Friday’s portion of St. Clair’s annual Freedom Fest celebration is shaping up to be a fun-filled kickoff to the two-day event.

Freedom Fest, the city’s annual Independence Day celebration, is scheduled for Friday and Saturday, June 21-22. All events will take place at Orchard Park.

In past years, Friday’s portion of the party has been at Evergreen Park and included a kiddie parade and free swim with snacks provided to all who attended. This year, one of the festival’s most popular attractions has been moved to Friday night and a new event that promises to be a barn-full of fun has been added as well.

“We’re really trying to make this a fun two-day celebration,” said Barb McGlenn, Ward 2 alderman who is the city’s liaison with the St. Clair Parks and Recreation Board. “We’re really trying to get people to come both Friday and Saturday.”

The kiddie parade still will open the festival at 6 p.m. on that first day. Children who decorate their bicycles, tricycles or other modes of nonmotorized transportation will parade around the walking trail at Orchard Park. Prizes will be awarded to the best dressed vehicles and riders.

At 6:30 p.m., turtle races and a greased pig competition are scheduled. McGlenn said she has confirmed use of 21 pigs, and the event will be split into several age categories, with the youngest being 5-year-olds. There will be prizes for winners.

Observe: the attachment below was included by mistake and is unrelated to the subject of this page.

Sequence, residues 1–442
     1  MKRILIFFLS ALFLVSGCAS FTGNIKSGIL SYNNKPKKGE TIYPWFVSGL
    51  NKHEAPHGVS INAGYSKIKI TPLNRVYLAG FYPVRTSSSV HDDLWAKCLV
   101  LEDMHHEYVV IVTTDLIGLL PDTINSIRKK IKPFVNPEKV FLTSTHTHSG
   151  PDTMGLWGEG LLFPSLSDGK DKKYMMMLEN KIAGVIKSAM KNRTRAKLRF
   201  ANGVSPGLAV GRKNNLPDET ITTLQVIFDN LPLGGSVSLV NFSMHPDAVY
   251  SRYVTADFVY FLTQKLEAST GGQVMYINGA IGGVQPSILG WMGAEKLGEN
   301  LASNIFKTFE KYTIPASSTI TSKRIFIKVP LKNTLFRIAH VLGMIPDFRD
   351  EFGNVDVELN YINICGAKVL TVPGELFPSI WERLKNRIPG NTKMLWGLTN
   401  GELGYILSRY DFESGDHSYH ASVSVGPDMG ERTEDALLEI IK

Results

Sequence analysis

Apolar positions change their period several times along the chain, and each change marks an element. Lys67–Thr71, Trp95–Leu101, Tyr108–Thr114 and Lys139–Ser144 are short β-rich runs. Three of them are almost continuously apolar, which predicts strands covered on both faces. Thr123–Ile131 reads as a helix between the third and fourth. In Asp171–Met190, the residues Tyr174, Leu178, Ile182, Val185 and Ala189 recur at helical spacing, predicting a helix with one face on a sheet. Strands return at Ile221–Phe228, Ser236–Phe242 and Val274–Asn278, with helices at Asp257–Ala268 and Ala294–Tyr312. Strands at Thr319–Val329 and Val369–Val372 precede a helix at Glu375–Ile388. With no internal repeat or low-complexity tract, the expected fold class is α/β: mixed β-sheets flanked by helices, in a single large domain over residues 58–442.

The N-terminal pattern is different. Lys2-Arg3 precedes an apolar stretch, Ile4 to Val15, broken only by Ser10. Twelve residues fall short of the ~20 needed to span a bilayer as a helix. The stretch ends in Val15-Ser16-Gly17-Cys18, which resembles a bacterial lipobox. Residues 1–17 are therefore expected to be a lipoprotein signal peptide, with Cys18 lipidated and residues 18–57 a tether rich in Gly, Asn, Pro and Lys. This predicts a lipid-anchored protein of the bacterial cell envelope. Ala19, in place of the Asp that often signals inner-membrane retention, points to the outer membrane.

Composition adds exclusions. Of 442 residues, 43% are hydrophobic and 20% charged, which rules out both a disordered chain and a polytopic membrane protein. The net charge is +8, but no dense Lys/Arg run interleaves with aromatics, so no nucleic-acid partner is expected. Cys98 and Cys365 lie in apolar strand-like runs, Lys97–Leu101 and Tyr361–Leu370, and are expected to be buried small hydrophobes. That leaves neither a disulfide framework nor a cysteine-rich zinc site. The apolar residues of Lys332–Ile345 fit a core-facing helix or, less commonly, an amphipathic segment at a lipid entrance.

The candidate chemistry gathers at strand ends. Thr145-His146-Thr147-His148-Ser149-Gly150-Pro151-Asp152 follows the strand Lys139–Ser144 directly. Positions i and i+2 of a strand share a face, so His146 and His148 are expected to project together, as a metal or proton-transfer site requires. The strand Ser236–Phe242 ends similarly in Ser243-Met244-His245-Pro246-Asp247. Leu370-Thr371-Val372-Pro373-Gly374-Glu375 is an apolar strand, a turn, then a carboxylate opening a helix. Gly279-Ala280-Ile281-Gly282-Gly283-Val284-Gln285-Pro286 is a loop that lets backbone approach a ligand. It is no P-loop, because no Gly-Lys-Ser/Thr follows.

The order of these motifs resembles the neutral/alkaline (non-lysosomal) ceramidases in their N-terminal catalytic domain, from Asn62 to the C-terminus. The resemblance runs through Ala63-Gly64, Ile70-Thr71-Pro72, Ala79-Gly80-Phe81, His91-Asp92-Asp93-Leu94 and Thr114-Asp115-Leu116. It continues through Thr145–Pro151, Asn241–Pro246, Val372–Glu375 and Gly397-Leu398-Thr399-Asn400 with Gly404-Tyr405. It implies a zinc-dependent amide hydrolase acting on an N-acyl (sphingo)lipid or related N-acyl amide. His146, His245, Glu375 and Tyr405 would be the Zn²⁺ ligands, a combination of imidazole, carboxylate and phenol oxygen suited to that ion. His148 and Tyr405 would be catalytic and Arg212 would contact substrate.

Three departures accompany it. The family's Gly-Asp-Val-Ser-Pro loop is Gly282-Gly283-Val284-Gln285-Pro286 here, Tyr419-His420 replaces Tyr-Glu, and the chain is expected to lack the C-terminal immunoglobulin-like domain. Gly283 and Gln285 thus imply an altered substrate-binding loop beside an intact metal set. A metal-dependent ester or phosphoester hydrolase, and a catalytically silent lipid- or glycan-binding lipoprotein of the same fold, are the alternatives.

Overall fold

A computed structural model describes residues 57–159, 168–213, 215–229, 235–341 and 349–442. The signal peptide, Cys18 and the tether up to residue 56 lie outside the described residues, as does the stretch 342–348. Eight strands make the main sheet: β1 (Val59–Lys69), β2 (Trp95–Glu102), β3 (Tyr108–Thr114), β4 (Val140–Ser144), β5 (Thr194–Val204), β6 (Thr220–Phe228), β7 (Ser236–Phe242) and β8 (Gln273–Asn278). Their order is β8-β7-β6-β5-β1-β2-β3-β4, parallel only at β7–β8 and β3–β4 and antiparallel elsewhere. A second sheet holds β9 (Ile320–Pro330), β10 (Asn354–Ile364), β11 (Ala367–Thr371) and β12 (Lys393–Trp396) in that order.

The turtle races are a Freedom Fest mainstay but are being moved to Friday to draw additional interest to the first night and because Saturday’s schedule is full.

From 7 to 10 p.m. on Friday, local band Loose Change will perform at the park.

Free hot dogs and popcorn will be served.

“We are all excited about the expanded activities on Friday night,” Park Board President Linda Luetje-Nelson said. “Barb has been instrumental in implementing these activities, and we thank her for her hard work.”


During their March and April meetings, park board members also solidified a schedule for Saturday’s events, though it still could change.

The festival’s second day is scheduled to start at noon with opening ceremonies, and booth vendors and other event sponsors may start setting up at 9 a.m. Vendor sites will be determined by park board members.

At 2 p.m., the Freedom Fest pageant returns after a one-year absence. At 4 p.m., a watermelon-eating contest is scheduled, followed at 4:30 by the nickel-in-the-haystack children’s event.